• Topic: Human Rights, Foreign Aid, Reform, Protests
  • Political Geography: United States, Middle East, Bahrain, Manama
  • Author: Chris Kolenda, Chris Rogers
  • Publication Date: 06-2016
  • Content Type: Special Report
  • Institution: Open Society Foundations
  • Abstract: During the early years of the United States’ involvement in Afghanistan, the U.S. military was killing too many civilians and depriving too many others of basic rights and liberties. By 2008, nearly 40 percent of civilian deaths in Afghanistan resulted from U.S. military operations. The level of “civilian harm”—the military’s term for killing innocent civilians and causing major political, social, and economic disruption—was adversely impacting the United States’ efforts to defeat the Taliban and weakening the legitimacy of the U.S. and Afghan governments. The report, The Strategic Costs of Civilian Harm: Applying Lessons from Afghanistan to Current and Future Conflicts, examines how the U.S. military learned from its early mistakes in Afghanistan and applied lessons to mitigate civilian harm. In fact, starting in 2009, the U.S. military recognized its mistakes and started to understand the high strategic cost of civilian harm. The military’s changes led to a significant reduction in civilian deaths during the next few years. The report argues that the United States should develop a Uniform Policy on Civilian Protection. The new standards would apply to all U.S. military operations in current and future conflicts and, hopefully, better protect civilians caught in conflict.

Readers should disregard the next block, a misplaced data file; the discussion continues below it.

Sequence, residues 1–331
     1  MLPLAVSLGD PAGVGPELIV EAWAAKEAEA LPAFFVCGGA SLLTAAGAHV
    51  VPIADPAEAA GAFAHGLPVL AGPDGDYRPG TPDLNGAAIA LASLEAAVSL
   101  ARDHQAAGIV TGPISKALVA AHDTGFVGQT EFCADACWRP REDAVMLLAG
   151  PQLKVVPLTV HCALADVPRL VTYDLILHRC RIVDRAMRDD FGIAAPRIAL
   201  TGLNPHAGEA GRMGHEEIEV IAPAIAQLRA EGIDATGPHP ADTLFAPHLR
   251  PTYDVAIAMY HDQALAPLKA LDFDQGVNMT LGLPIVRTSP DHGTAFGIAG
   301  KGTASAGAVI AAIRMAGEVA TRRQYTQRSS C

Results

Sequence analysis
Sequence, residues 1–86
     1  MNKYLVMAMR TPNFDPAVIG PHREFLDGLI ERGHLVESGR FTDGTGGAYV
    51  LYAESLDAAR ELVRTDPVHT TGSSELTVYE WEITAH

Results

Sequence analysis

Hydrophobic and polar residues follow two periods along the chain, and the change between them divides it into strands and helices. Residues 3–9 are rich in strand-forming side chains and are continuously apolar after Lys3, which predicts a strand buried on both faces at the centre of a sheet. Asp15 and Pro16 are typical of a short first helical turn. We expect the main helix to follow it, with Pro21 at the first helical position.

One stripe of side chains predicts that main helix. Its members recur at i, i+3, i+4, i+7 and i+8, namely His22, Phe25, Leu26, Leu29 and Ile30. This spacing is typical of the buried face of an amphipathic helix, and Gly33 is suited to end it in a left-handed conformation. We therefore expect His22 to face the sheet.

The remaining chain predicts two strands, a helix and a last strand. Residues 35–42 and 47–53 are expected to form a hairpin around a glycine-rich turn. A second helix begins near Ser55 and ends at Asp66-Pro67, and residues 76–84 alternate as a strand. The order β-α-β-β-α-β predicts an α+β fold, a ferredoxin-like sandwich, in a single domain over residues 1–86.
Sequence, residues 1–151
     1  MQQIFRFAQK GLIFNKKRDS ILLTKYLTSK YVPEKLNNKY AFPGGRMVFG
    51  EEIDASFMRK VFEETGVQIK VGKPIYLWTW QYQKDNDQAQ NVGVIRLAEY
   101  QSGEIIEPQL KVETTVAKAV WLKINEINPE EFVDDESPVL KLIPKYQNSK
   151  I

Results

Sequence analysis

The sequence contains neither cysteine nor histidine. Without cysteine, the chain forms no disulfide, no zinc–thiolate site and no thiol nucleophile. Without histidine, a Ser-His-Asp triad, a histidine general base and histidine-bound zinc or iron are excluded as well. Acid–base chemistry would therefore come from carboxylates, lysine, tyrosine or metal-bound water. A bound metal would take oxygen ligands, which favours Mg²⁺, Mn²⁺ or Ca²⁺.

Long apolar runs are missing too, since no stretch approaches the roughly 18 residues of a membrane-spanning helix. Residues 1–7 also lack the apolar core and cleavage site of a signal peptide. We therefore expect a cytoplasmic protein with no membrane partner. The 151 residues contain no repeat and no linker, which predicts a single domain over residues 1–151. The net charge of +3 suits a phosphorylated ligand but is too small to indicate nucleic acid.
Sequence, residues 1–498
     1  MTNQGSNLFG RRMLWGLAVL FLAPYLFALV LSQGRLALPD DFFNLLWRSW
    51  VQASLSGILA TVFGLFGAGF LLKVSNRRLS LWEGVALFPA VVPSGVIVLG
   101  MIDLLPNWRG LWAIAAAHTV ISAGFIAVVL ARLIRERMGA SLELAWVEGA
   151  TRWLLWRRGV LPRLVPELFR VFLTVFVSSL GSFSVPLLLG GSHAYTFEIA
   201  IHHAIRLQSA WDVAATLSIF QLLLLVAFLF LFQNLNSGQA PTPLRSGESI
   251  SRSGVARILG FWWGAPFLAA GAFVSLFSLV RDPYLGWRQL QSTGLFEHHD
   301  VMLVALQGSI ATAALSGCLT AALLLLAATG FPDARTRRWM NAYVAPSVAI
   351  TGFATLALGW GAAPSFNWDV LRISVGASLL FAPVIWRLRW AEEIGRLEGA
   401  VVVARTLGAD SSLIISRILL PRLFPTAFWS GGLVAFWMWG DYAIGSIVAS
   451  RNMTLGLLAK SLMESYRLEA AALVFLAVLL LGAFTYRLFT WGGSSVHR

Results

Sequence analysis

• Topic: Human Rights, War, Military Affairs, Military Intervention, Conflict, War on Terror, Civilians, Casualties
  • Political Geography: Afghanistan, United States
  • Publication Date: 03-2015
  • Content Type: Working Paper
  • Institution: Human Rights First
  • Abstract: The United States is not taking Saudi Arabia’s outsized responsibility for human rights abuses within or beyond the kingdom’s borders seriously enough. President Barack Obama did not raise the issue in his meeting last year with the late King Abdullah. On his way to meet the new Saudi monarch, King Salman, in January 2015 the President remarked, “Sometimes we have to balance our need to speak to them about human rights issues with immediate concerns that we have in terms of countering terrorism or dealing with regional stability." He did not mention that Saudi Arabia’s policies (denying rights and freedoms at home while leading a vigorous, region-wide effort to push back against popular calls for better governance) have themselves contributed to regional instability and undermined counterterrorism efforts. Such policies harm U.S. interests and those of the people of Saudi Arabia and the region as a whole.
  • Topic: Human Rights, Regional Cooperation, Terrorism, Repression
  • Political Geography: United States, Middle East, Saudi Arabia
  • Publication Date: 07-2015
  • Content Type: Working Paper
  • Institution: Human Rights First